Kwanzaa: A Celebration of Culture and UnityDec 26, 2020 08:00AM ● By Kassidy Garland
Kwanzaa was established in 1966 by the chairman and professor of Black Studies at California State University, Dr. Maulana Karenga. At this point in time, the Black community wanted to come together. After the Watts riots in LA, Dr. Karenga looked for ways to do that. Kwanzaa was created using the traditional harvest celebrations of the Ashanti and Zulu peoples. The name Kwanzaa is derived from the Swahili phrase “matunda ya kwanza” which means “first fruits.”
Kwanzaa is celebrated by different families using African drums, storytelling, traditional meals, song and dance. The holiday is celebrated from December 26 to January 1 and centers around seven principles. These principles are called the Nguzo Saba which translates to seven principles in Swahili.
Unity: Umoja (oo-MO-jah)
To strive for and maintain unity in the family, community, nation, and race.
Self-determination: Kujichagulia (koo-gee-cha-goo-LEE-yah)
To define ourselves, name ourselves, create for ourselves, and speak for ourselves.
Collective Work and Responsibility: Ujima (oo-GEE-mah)
To build and maintain our community together and make our brother’s and sister’s problems our problems and to solve them together.
Cooperative Economics: Ujamaa (oo-JAH-mah)
To build and maintain our own stores, shops, and other businesses and to profit from them together.
Purpose: Nia (nee-YAH)
To make our collective vocation the building and developing of our community in order to restore our people to their traditional greatness.
Creativity: Kuumba (koo-OOM-bah)
- To do always as much as we can, in the way we can, in order to leave our community more beautiful and beneficial than we inherited it.
Faith: Imani (ee–MAH–nee)
To believe with all our heart in our people, our parents, our teachers, our leaders, and the righteousness and victory to our struggle.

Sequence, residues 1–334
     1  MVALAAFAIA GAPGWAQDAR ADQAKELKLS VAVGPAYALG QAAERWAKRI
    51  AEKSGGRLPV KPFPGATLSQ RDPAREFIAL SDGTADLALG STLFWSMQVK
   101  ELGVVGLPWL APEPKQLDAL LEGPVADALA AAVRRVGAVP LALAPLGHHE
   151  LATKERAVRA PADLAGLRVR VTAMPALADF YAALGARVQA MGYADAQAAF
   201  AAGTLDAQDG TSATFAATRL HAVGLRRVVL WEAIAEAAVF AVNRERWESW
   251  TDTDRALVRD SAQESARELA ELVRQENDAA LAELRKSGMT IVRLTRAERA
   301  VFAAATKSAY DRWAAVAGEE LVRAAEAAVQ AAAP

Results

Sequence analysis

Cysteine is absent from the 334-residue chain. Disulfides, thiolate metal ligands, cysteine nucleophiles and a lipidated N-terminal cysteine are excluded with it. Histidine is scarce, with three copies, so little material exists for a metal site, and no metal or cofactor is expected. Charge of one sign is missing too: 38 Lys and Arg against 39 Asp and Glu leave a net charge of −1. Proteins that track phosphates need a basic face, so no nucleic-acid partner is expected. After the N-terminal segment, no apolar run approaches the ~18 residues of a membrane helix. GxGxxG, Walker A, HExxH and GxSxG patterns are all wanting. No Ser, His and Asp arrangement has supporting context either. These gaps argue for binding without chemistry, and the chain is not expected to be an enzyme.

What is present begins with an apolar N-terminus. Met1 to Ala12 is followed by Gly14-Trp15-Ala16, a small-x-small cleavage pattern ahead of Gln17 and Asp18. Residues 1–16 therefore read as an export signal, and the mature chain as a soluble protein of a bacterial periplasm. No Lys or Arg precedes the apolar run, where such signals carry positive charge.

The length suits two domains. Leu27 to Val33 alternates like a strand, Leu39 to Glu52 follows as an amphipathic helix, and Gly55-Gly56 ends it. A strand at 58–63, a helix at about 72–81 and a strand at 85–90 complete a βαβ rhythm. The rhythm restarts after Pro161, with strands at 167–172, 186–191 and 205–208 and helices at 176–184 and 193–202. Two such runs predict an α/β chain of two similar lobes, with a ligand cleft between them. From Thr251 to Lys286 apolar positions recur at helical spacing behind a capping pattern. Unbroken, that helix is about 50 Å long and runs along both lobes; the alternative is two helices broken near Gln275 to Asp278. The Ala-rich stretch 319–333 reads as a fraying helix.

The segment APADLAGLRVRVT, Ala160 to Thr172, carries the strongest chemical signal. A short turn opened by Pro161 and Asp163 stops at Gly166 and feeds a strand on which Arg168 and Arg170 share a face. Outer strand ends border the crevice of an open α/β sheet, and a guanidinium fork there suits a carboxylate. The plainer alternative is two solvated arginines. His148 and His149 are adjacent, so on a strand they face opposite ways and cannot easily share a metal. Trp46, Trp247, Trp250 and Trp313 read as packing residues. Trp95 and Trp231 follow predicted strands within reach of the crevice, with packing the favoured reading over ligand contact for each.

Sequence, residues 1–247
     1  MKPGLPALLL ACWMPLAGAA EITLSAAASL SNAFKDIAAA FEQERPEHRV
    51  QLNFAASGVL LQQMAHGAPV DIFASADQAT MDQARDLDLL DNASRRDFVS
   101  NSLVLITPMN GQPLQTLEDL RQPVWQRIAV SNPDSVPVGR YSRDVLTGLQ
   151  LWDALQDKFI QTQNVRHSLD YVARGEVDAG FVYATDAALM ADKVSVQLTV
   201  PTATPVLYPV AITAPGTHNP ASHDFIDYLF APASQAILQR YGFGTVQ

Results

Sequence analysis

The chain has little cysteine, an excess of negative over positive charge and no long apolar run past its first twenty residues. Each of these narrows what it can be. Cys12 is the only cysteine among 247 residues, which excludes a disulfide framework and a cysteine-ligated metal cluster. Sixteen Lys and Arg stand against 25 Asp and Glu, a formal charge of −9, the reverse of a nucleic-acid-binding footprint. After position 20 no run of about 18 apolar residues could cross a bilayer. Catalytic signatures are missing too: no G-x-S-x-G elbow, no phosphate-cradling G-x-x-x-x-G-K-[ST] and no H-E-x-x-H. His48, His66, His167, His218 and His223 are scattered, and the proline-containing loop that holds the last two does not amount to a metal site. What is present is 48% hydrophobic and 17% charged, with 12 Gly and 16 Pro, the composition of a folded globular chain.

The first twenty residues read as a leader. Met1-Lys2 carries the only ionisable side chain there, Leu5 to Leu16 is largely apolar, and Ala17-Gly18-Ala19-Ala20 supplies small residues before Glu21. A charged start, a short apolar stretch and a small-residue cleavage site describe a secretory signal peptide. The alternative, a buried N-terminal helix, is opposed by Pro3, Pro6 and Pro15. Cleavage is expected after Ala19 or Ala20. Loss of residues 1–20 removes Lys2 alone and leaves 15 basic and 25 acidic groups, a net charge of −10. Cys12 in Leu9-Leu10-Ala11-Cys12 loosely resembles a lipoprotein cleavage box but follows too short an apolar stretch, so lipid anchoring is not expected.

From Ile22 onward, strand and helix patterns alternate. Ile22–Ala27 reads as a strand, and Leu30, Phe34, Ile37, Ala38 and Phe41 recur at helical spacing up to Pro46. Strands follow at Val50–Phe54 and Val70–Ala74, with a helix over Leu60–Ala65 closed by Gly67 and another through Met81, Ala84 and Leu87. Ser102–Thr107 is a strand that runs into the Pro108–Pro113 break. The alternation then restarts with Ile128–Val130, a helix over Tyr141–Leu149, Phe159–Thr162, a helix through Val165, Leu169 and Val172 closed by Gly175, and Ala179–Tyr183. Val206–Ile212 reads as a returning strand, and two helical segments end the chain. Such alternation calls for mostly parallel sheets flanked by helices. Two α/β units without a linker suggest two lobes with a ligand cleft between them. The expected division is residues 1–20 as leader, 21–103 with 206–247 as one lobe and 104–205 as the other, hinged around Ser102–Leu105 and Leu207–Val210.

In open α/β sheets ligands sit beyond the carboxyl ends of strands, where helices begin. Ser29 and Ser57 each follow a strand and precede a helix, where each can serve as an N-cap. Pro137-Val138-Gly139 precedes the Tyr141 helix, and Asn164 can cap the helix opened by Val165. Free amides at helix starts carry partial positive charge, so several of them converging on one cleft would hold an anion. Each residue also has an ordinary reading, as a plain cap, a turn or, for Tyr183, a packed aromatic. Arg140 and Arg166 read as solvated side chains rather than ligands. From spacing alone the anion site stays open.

During the week-long celebration, seven candles are lit on the Kinara. The colors of Kwanzaa are black, red and green; black for the people, red for their struggle, and green for the future and hope that comes from their struggle. The candle-lighting ceremony allows for a celebration of each of the seven principles. The black candle is the first to be lit, and, for the following six nights, a candle is lit from left to right and a different principle is discussed.
The mkeka is a mat that is placed on a table. It is typically made from straw or cloth and comes directly from Africa. It is meant to express history, culture, and tradition. On the mkeka there is a stalk of corn that represents fertility and symbolizes that through the reproduction of children, the future hopes of the family are brought to life. The Kinara is also placed on the mkeka. On December 31st, there is an African feast called Karamu.
On the final day of Kwanzaa, meaningful gifts called zawadi are exchanged. These, usually handmade gifts, are meant to encourage growth and success. Kwanzaa was created to celebrate and appreciate the struggle of the Black community, while simultaneously uplifting the success and achievements. Kwanzaa is not meant to be mixed with different cultures as it is supposed to represent the culture and community of Black people.